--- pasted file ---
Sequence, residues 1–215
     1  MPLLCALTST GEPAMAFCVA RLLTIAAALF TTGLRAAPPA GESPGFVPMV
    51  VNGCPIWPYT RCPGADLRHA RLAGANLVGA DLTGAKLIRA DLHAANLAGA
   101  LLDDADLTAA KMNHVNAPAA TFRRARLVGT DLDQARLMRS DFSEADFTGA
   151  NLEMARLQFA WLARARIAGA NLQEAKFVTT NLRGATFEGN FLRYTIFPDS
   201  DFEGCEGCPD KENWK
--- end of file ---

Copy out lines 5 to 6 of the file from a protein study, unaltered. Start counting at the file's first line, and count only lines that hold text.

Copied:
   151  NLEMARLQFA WLARARIAGA NLQEAKFVTT NLRGATFEGN FLRYTIFPDS
   201  DFEGCEGCPD KENWK